EPJ Nuclear Sci. Technol.
Volume 4, 2018
|Number of page(s)||17|
|Published online||22 June 2018|
A methodology for performing sensitivity analysis in dynamic fuel cycle simulation studies applied to a PWR fleet simulated with the CLASS tool
2 IRSN/PSN-EXP/SNC/LNC, BP 17, 92262 Fontenay-aux-Roses, France
3 Institut de Physique Nucléaire d’Orsay, CNRS-IN2P3/Univ. Paris-Sud, Orsay, France
4 CEA, DEN, Cadarache, DER, SPRC/LECY, 13108 Saint-Paul-lez-Durance, France
5 Univ. of Wisconsin Madison, Department of Nuclear Engineering and Engineering Physics, Madison, WI, USA
6 Laboratoire de Physique Subatomique et de Cosmologie, Université Grenoble-Alpes, CNRS/IN2P3, Grenoble, France
* e-mail: firstname.lastname@example.org
Received in final form: 15 January 2018
Accepted: 3 April 2018
Published online: 22 June 2018
Fuel cycle simulators are used worldwide to provide scientific assessment to fuel cycle future strategies. Those tools help understanding the fuel cycle physics and determining the most impacting drivers at the cycle scale. A standard scenario calculation is usually based on a set of operational assumptions, such as reactor Burn-Up, deployment history, cooling time, etc. Scenario output is then the evolution of isotopes mass in the facilities that composes the nuclear fleet. The increase of computing capacities and the use of neutron data fast predictors provide new opportunities in nuclear scenario studies. Indeed, a very high number of calculations is possible, which allows testing a high number of operational assumptions combinations. The global sensitivity analysis (GSA) formalism is specifically well adapted for this kind of problem. In this new framework, a scenario study is based on the sampling of operational data, which become input variables. A first result of a scenario study is the highlight of relations between operational input data and outputs. Input variable subspace that satisfy optimization criteria on an output, such as plutonium incineration or stabilization, can also be determined. In this paper, a focus is made on the methodology based on GSA. This innovative methodology is presented and applied to a simple fleet simulation composed of a PWR-UOx fuel and a PWR-MOx fuel. Calculations are done with the fuel cycle simulator CLASS developed by the CNRS/IN2P3 in collaboration with IRSN. The design of experiment is built from five fuel cycle input sampled variables. Sensitivity indices have been calculated on plutonium and minor actinide (MA) production. It shows that the PWR-UOx Burn-Up and the fraction of PWR-MOx fuel are the most important input variables that explain the plutonium production. For the MA production, main drivers depend strongly on isotopes. Sensitivity analysis also reveals input variable subspace responsible of simulation crash, what led to an important improvement of the model algorithms. An equilibrium condition on the plutonium mass in the stockpile used for building MOx fuel has been applied. The solution is represented as a subspace in the PWR-UOx Burn-Up and PWR-MOx fraction input space. For instance, achieving a plutonium equilibrium in a stockpile fed by a PWR-UOx that operates at 40 GWd/t requires a PWR-MOx fraction between 9 and 14%. This study also provides data related to plutonium incineration induced by the utilization of the MOx.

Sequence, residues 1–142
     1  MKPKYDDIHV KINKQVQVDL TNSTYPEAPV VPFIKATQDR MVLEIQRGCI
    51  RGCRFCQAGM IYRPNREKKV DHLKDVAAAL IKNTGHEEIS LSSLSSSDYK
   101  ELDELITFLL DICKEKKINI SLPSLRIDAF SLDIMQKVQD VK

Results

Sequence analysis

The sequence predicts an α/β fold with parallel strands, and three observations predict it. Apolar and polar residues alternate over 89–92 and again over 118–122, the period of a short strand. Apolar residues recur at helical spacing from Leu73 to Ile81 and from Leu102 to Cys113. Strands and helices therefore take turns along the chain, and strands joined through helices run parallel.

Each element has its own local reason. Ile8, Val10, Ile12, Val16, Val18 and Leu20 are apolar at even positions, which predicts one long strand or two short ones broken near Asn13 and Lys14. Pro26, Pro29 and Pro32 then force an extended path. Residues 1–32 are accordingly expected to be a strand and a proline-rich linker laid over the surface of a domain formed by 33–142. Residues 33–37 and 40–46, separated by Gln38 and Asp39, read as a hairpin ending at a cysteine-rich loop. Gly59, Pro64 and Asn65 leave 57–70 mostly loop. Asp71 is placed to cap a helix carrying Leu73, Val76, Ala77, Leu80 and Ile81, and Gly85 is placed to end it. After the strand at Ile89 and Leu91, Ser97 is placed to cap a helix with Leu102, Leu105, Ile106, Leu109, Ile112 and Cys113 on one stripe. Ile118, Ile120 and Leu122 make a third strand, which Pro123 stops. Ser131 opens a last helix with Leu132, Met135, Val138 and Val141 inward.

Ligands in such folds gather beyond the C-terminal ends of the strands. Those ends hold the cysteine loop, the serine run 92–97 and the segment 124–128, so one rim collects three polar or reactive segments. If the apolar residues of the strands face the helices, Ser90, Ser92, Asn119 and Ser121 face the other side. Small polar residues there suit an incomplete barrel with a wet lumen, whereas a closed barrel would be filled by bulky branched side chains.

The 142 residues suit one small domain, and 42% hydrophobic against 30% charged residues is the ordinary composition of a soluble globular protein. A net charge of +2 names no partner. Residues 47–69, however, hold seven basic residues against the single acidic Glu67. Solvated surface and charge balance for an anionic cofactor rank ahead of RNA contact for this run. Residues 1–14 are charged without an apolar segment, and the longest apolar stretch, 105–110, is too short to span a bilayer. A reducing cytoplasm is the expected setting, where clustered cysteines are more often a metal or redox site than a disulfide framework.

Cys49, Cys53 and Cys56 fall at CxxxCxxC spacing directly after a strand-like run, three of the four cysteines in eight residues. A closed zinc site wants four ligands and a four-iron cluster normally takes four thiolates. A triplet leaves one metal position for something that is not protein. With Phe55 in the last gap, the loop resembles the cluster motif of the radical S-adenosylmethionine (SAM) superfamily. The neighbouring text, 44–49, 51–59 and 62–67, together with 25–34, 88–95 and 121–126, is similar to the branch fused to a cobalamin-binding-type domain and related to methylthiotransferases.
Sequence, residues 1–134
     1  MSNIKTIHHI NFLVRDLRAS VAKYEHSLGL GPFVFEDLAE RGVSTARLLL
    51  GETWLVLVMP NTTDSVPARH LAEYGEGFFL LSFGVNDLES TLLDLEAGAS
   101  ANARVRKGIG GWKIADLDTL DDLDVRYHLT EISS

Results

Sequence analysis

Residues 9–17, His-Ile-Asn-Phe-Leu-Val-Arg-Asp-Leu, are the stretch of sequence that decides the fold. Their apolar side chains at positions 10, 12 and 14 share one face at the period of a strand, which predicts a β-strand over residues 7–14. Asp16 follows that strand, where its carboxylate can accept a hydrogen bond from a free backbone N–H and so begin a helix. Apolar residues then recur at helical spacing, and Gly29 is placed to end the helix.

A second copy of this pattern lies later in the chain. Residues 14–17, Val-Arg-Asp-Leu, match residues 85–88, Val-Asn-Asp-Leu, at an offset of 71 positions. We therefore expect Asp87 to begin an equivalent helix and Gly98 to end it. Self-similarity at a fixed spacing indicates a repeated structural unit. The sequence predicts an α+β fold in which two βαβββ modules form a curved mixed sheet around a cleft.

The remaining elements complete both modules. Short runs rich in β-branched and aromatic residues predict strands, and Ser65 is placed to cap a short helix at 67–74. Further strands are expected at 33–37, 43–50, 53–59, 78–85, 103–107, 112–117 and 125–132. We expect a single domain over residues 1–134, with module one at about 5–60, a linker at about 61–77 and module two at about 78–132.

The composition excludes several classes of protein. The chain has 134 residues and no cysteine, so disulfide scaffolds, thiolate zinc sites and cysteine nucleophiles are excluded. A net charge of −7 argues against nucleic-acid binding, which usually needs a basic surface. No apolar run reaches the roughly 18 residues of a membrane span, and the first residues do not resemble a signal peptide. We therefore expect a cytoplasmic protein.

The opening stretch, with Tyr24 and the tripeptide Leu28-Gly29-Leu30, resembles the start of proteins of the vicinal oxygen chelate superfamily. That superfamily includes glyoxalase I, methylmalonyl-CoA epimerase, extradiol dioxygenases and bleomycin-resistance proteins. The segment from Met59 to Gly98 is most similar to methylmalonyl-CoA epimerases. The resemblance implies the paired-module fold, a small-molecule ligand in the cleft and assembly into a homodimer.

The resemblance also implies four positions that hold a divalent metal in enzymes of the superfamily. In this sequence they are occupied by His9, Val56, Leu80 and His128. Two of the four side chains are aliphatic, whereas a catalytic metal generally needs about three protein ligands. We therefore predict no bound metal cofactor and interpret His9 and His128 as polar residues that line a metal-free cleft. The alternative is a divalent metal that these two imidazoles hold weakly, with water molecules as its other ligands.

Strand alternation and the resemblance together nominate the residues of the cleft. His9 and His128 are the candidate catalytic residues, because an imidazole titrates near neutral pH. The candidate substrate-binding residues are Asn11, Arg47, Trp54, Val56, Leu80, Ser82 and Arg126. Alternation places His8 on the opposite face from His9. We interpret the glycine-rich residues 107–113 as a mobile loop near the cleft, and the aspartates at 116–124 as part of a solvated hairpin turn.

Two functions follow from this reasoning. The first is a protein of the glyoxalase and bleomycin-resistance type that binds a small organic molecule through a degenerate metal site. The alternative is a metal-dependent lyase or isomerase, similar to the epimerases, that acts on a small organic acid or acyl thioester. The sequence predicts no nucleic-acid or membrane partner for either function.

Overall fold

© N. Thiollière et al., published by EDP Sciences, 2018
This is an Open Access article distributed under the terms of the Creative Commons Attribution License (http://creativecommons.org/licenses/by/4.0), which permits unrestricted use, distribution, and reproduction in any medium, provided the original work is properly cited.
Current usage metrics show cumulative count of Article Views (full-text article views including HTML views, PDF and ePub downloads, according to the available data) and Abstracts Views on Vision4Press platform.
Data correspond to usage on the plateform after 2015. The current usage metrics is available 48-96 hours after online publication and is updated daily on week days.
Initial download of the metrics may take a while.